# Elastic force expression

I would like to know how to properly write the elastic force in the classic x and y axes. I know that the global formula is $$\vec{F_{el}}= -k\vec{x}$$, but sometimes the situation is little bit difficult. Here is an example of a situation where I struggle :

Considering here two elastic forces (springs of k coefficient and $$L/2$$ undeformed length) with the origin $$O$$ in the middle (A and B slide), for the "left" elastic force I write it this way : $$\vec{F_{el_A}}= -klsin(\phi)\vec{i}$$ for the "right" one my guess is $$\vec{F_{el_B}}= -klsin(\phi)\vec{i}$$ too. I do not know if I am right but the elastic energy says that $$V_A(\phi)=\frac{1}{2}k(lsin\phi)^2$$ but $$V_B(\phi)=\frac{1}{2}k(-lsin\phi)^2$$ which makes me think I was wrong for the forces.

In general, how to write properly the elastic force and eventually elastic energy ?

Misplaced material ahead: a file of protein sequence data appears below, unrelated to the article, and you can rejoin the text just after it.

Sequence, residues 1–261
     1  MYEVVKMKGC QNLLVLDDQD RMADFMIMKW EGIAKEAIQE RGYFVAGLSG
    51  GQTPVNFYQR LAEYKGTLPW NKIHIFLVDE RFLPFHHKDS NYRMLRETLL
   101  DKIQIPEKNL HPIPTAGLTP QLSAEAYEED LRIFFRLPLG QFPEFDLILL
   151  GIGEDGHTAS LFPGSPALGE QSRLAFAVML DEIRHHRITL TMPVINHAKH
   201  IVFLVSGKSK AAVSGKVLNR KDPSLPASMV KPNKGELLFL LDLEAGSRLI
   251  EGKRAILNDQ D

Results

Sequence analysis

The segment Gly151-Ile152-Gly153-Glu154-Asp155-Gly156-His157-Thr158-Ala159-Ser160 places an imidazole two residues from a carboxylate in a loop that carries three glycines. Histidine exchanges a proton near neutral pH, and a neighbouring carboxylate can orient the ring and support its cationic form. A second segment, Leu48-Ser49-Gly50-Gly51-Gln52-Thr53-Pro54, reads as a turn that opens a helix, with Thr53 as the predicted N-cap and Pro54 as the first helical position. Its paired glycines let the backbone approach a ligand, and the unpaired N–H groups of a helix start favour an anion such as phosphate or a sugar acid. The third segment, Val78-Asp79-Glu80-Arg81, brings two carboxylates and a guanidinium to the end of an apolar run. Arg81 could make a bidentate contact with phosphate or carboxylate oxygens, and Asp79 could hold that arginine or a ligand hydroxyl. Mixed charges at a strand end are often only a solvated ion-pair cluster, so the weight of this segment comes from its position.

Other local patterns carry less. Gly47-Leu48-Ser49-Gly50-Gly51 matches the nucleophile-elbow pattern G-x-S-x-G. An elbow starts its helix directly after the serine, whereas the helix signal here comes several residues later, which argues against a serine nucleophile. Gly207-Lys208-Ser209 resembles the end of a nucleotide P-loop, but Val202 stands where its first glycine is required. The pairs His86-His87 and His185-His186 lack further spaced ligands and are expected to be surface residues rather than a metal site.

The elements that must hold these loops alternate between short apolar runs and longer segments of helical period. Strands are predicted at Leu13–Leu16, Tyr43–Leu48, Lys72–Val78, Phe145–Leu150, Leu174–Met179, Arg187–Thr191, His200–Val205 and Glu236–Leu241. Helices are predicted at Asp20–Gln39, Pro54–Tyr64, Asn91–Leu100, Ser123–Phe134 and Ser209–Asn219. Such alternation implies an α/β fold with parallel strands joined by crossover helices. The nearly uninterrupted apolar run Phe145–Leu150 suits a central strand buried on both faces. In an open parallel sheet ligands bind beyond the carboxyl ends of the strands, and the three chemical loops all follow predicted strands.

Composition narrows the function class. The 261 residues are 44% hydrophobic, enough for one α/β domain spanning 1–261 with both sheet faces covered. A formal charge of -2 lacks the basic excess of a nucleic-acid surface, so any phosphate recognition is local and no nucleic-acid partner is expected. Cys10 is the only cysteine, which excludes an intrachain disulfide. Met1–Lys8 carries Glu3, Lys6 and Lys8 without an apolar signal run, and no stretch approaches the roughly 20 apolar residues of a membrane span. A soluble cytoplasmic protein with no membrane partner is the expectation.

• There might be something with the sign of the force analysis. If the object $m$ is stationary (not moving), then the spring forces must be opposite and then they must have opposite signs. Jan 6, 2021 at 20:24
• The object m moves freely $\implies \phi \in [0,2\pi]$ and the extremities A and B slide on the walls so the springs are always horizontal $\implies$ the elastic forces are always horizontal too, I would like to know if the elastic forces are equal in this case Jan 6, 2021 at 20:27
• The forces are in the same direction. For the energy, the direction does not matter.
– nasu
Jan 6, 2021 at 21:40